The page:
Buying Up The Critics

I’ve added a new site to my blogroll, Jim Meyer’s Borderlands (click here). Jim is a historian of Russia and the Middle East and is spending this year in Turkey. His blog has some insightful things to say about Turkish politics, but also has the advantage of setting Turkey within the context of Russia and the Middle East generally, giving his blog a broader perspective.

I’ve excerpted below from an essay he wrote a week or so ago (March 3) about Prime Minister Tayyip Erdogan’s many lawsuits against journalists and cartoonists:

Today it was reported that Turkey’s litigious leader is suing the leader of the political opposition, Deniz Baykal, for character assassination. According to the newspaper Vatan, Erdogan is suing Baykal 100,000 Turkish Liras (about $57,000 US) because Baykal criticized Erdogan’s “maganda style”…. In Turkish, the term ‘maganda’ is a very offensive word which is used to evoke hot-headed macho gold-wearing men lacking in general culture…

Calling someone a maganda can
get you in a lot of trouble in Turkey

This marks the fifth time that Erdogan has sued Baykal for character defamation… Last month, Erdogan won an award of 4,000 liras from the Turkish humor magazine Leman, after Leman published a photomontage of Erdogan flipping his middle finger…

Erdogan’s frequent lawsuits against journalists and political rivals (thought to total over fifty lawsuits since Erdogan’s AK Party took power in 2003) amount to an intimidation tactic unbecoming to Turkey. These lawsuits, moreover, need to be placed in the context of other events which have taken place in recent years. In late 2007, the second largest media company in Turkey, ATV-Sabah, was put into government receivership after its owner went bankrupt. Emerging out of nowhere to buy the company was an outfit called Calik Holding, which obtained loans from state-controlled banks in order to purchase the media firm. And who is Calik Holding’s general manager? Tayyip Erdogan’s son-in-law, Berat Albayrak.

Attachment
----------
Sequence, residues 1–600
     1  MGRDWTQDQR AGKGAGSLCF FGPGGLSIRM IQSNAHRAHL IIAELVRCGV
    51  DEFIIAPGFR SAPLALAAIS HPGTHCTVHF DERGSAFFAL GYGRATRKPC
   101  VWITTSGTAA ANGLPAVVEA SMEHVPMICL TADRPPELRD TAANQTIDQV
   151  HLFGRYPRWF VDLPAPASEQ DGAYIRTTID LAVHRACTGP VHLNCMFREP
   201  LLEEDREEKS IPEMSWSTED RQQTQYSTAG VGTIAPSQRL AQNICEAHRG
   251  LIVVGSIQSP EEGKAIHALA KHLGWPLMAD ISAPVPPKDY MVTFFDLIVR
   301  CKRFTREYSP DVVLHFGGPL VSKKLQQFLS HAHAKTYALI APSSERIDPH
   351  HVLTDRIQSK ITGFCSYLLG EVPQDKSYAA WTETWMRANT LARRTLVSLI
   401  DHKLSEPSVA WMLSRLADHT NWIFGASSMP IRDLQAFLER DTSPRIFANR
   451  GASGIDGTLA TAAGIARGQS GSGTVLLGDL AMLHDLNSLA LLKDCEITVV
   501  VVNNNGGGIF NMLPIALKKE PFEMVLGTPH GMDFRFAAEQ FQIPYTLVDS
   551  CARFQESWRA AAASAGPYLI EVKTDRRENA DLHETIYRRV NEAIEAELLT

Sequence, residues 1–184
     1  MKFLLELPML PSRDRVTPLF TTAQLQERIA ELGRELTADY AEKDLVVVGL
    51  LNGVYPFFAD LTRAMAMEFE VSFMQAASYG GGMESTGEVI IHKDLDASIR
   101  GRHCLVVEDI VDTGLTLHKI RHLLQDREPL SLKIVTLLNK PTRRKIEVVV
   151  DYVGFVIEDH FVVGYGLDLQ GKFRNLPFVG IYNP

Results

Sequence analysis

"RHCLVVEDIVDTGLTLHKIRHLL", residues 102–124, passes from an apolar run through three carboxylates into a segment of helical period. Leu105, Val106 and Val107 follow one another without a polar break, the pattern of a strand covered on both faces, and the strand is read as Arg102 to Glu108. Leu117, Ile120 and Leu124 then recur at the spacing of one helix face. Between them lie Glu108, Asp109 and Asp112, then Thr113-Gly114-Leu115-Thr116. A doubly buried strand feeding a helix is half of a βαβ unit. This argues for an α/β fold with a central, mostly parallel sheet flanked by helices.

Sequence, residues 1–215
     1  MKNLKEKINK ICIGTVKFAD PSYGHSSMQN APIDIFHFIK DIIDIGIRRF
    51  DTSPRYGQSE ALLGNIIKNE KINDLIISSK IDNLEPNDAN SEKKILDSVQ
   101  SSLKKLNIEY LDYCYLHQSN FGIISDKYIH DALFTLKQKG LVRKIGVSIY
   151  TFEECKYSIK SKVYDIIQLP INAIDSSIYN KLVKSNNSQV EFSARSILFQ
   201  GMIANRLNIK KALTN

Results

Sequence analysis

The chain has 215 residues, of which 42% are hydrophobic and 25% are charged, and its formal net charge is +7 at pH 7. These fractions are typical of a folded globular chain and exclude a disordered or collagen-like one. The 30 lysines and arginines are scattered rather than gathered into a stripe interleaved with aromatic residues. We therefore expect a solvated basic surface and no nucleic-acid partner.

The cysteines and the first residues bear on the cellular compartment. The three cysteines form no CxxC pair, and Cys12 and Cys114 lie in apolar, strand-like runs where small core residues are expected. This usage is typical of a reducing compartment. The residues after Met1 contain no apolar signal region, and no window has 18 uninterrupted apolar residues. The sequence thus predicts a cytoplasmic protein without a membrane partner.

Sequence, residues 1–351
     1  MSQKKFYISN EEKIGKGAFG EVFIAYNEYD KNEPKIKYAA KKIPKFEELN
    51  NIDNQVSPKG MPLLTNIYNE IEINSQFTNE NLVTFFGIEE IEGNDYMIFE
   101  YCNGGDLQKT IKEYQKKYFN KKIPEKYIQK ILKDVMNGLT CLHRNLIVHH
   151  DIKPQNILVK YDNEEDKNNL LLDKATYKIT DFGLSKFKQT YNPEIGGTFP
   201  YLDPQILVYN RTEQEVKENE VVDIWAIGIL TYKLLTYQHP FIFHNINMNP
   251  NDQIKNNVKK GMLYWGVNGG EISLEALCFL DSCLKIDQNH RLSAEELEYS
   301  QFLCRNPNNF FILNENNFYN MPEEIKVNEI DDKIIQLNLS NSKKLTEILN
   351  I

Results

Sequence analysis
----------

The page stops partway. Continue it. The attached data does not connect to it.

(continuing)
Now the Turkish government is going after the largest media holding company in the country, the Dogan Group. In late February, the Ministry of Finance announced that it was fining the Dogan Group—whose owner, Aydin Dogan, has been sharply critical of Erdogan over the past six months—a record 826 million Turkish Liras ($490 million). This amount is larger than the value of the entire company, which would most likely send it into government receivership if the Dogan Group fails in its bid to appeal the ruling.

While there have always been certain issues (mostly relating to Kurds, Armenians, Islam, and—once upon a time—communism) that could get people in trouble if they wrote about them, within such boundaries the media has generally been free in Turkey. Since I first began living here in 1992, I have never seen anything like the concerted and multi-faceted effort that is currently taking place to silence or buy out government critics. When this happened in Russia several years ago, the editorial staff at the Washington Post and other American media outlets routinely (and rightly) denounced Vladimir Putin for quashing democracy and the free press. In the case of Turkey, however, it’s really a non-story. Indeed, while Turkish journalists have to defend themselves from lawsuits filed by their own Prime Minister, American journalists who are paid to report the news from Turkey are largely ignoring this story…

No Responses to “Buying Up The Critics”

  1. I don’t know if the tax penalty against DYH is bigger than the holding’s worth. From an interview with Aydin Dogan that I had read don’t-recall-where, I sort of got the impression that he was taking this in stride. Like he was gonna fight the charges, but it’d still be alright if worst came to pass. I was quite struck by the lack of outrage he exhibited. God knows what transpires beneath these happenings…

    On the other hand, I was –and am still– amazed by the lack of attention to this case from inside or outside Turkey. The sheer scale of the penalty makes it a duty for anyone (*) who purports to care about democracy and press freedoms to closely scrutinize the Dept. of Finance charges at hand –and the penalties assessed.

    (*) Let me correct “anyone” by saying “anyone of some stature” in order to absolve myself from the said duty.

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